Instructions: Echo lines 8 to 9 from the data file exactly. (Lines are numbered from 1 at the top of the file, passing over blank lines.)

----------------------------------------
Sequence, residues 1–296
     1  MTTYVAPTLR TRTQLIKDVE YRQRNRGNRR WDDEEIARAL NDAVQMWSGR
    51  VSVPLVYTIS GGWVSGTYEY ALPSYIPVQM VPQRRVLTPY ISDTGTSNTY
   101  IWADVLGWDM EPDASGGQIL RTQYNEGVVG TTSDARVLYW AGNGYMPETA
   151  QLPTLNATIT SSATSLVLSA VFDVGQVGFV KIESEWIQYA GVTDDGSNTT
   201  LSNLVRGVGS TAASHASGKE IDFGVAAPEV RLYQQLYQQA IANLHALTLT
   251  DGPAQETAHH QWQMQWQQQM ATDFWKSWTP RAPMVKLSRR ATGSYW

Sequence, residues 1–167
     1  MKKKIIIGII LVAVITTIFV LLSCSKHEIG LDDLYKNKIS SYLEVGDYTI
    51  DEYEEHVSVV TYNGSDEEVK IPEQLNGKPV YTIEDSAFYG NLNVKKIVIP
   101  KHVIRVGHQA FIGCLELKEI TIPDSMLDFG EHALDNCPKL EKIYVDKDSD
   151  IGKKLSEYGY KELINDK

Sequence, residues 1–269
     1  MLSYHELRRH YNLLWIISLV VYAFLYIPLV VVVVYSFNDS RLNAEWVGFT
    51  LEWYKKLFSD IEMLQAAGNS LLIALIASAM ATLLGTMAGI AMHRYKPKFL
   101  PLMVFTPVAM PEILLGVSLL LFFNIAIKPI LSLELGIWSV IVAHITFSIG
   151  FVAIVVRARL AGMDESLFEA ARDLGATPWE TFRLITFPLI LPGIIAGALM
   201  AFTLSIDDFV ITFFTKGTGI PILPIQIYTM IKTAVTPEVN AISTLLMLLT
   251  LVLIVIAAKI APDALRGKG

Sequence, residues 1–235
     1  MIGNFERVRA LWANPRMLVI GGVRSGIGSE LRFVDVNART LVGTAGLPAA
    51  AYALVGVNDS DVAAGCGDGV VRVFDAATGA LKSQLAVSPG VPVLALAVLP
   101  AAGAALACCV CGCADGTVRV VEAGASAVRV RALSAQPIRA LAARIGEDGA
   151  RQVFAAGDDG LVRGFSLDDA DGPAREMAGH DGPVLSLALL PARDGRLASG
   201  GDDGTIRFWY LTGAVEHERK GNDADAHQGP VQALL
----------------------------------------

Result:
Sequence, residues 1–167
     1  MKKKIIIGII LVAVITTIFV LLSCSKHEIG LDDLYKNKIS SYLEVGDYTI